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On Being Buddha (The Classical Doctrine of Buddhahood)

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Item Code: NAE651
Author: Paul J. Griffiths
Publisher: Sri Satguru Publications
Language: English
Edition: 1995
ISBN: 8170304490
Pages: 264
Other Details 9.0 inch x 5.5 inch
Weight 400 gm
Book Description
About the Book

What is it like to be a Buddha? Is there only one Buddha or are there many? What can Buddhas do and what do they know? Is there anything they cannot do and cannot know? These and associated questions were much discussed by Buddhist thinkers in India, and a complex and subtle set of doctrinal positions was developed to deal with them. This is the first book in a western language to treat these doctrines about Buddha from a philosophical and thoroughly critical viewpoint.

The book shows that Buddhist thinkers were driven, when theorizing about Buddha, by a basic intuition that Buddha must be maximally perfect, and that pursuing the implications of this intuition led them into some conceptual dilemmas that show considerable similarity to some of those treated by western theists. The Indian Buddhist tradition of thought about these matters is presented here as thoroughly systematic, analytical, and doctrinal.

The book's analysis is based almost entirely upon original sources in their original languages. All extracts discussed are translated into English and the book is accessible to nonspecialists, while still treating material that has not been much discussed by western scholars.

"The book raises fundamental issues concerning not only Buddhist ways of conceptualizing divinity but human ways in general of doing so. It provides remarkable new insights in both of those domains. The book is of unquestion- able importance."

About the Author

Paul J. Griffiths is Associate Professor in the Divinity School and in the Department of South Asian Languages and Civilizations at the University of Chicago. He has previously published books on Buddhist philosophy (On Being Mindless and The Realm of Awakening) and on cross-cultural philosophy and theology (An Apology for Apologetics).


In this study I am concerned at the level of theory with the nature of doctrine and its uses by religious communities, as well as with the heuristic value of the concept 'doctrine' for cross-cultural studies in the philosophy of religion.

In chapter one I state a formal definition of doctrine; this definition is intended to serve my substantive and exegetical interest in Buddhist doctrine. More precisely, I am concerned to lay bare the structure and meaning of classical Indian Buddhist doctrine about Buddha, and to do so by applying to it the theoretical framework given in chapter one. My goal here is to show that this framework may profitably be used in a particular case, and so also to suggest by example that the category 'doctrine' may have significant heuristic and analytical value for the cross-cultural study of one important aspect of the lives of religious communities.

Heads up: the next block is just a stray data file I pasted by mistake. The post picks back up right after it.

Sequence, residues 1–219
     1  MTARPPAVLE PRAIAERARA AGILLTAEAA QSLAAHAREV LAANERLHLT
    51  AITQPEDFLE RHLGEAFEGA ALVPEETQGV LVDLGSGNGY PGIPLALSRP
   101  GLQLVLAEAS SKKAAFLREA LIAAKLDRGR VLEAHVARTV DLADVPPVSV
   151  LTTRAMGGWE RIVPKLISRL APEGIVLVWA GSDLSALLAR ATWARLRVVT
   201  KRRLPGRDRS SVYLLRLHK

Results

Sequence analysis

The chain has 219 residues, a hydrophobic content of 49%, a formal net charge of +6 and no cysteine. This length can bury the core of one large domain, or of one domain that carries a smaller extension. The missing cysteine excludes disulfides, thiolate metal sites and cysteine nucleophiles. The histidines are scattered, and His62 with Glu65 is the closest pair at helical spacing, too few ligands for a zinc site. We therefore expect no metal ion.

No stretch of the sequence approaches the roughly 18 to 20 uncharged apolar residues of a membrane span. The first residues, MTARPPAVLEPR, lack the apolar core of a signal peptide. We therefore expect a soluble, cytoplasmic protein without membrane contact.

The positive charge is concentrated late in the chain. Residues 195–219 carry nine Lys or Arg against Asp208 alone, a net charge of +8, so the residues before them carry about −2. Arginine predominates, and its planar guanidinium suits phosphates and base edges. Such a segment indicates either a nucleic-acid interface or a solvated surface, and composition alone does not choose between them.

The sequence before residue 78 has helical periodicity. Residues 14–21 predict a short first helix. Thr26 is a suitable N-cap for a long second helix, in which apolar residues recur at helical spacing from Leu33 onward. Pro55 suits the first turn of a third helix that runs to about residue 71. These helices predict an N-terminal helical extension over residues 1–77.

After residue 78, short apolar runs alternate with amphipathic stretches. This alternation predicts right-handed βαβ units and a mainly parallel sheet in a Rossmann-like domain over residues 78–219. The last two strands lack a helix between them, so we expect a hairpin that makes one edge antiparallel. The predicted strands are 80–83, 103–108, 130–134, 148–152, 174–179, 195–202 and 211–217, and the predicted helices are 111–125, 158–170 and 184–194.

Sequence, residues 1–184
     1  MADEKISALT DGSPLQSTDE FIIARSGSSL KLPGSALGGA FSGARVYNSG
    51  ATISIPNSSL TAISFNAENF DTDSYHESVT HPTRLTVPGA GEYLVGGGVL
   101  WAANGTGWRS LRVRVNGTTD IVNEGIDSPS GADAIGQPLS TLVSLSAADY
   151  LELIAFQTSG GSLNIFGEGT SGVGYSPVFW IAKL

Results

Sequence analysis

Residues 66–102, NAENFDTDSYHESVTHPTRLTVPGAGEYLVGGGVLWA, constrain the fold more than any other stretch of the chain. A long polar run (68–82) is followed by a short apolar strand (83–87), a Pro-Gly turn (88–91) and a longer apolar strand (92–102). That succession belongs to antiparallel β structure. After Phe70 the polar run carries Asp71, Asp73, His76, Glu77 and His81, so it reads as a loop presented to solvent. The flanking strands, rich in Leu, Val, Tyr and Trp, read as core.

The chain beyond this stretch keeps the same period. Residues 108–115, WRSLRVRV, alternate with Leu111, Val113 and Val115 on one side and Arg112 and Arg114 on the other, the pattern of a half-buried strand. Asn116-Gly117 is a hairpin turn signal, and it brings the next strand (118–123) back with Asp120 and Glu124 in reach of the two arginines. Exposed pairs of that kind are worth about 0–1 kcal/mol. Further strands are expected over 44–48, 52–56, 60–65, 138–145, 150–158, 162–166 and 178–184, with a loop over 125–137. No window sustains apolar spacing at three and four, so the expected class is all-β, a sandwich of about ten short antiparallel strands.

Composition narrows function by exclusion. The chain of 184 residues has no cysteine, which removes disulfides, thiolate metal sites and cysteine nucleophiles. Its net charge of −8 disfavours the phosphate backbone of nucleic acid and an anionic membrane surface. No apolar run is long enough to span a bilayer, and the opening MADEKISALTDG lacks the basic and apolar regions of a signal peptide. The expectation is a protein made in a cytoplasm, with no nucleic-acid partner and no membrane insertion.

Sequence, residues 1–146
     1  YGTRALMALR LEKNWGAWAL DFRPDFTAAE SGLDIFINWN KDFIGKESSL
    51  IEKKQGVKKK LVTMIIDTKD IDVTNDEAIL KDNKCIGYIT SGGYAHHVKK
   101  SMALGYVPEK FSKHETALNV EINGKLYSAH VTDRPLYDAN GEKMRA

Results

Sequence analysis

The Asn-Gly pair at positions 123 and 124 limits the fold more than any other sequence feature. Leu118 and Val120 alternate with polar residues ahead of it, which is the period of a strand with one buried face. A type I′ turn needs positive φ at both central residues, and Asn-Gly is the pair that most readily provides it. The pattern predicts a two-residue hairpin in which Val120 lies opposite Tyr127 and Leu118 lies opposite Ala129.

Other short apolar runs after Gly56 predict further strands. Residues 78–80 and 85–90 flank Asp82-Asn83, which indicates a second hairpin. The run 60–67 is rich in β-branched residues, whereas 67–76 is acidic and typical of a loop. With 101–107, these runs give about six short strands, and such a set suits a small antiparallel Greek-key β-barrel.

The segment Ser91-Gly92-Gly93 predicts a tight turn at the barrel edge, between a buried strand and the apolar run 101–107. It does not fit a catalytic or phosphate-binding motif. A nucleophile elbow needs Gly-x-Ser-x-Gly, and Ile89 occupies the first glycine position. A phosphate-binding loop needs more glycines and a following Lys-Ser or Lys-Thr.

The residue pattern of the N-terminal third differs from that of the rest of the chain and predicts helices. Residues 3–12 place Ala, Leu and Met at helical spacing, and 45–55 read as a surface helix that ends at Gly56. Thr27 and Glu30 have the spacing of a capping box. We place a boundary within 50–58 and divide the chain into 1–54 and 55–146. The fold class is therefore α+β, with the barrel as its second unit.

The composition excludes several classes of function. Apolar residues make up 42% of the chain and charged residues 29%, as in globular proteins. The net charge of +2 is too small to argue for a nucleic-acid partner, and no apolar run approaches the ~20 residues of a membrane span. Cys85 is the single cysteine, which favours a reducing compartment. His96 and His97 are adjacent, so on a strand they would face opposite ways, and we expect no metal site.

In chapter two I consider in what ways and to what extent the category 'doctrine' can be applied to the texts of Indian Buddhism, and make some suggestions as to those terms in the technical discourse of Indian Buddhists that cover some of the semantic ground embraced by the English word 'doctrine.'

In chapter three I offer an overview of the particular doctrinal discourse developed by Indian Buddhists that is the central focus of this book. This is a discourse concerned with the properties of Buddha, with those qualities that must, ac- cording to the tradition, be predicated of every Buddha. It is a discourse analogous in important ways to that which Christians call 'christology.'


"Scholasticism" and "doctrine" would seem to be self-evidently central categories for any discipline devoted to the comparative philosophy of religion(s). Yet attempts to formulate, in a comparative context, theories of these two quintessentially religious and closely related phenomena have been very few and far be- tween. Serious studies of particular scholastic and doctrinal traditions, based on such theories and carried forward with theoretically sophisticated methods, have been virtually non-existent.

Jose Cabezón, in Volume VI of our Toward a Comparative Philosophy of Religions Series entitled Buddhism and Language: A Study of Indo-Tibetan Scholasticism has formulated the no- tion of "scholasticism" as a comparative category; and he has gone on to provide-as an illustrative example of its use-a superb study of Buddhist scholasticism in Tibet. Now, in Vol- ume VIII, Paul Griffiths takes up the closely associated task of developing the notion of "doctrine" as a comparative category; and he demonstrates the usefulness of the category by providing a fascinating study of a central Buddhist doctrine that was formulated in India during the period from the 3rd to the 9th centuries C.E.

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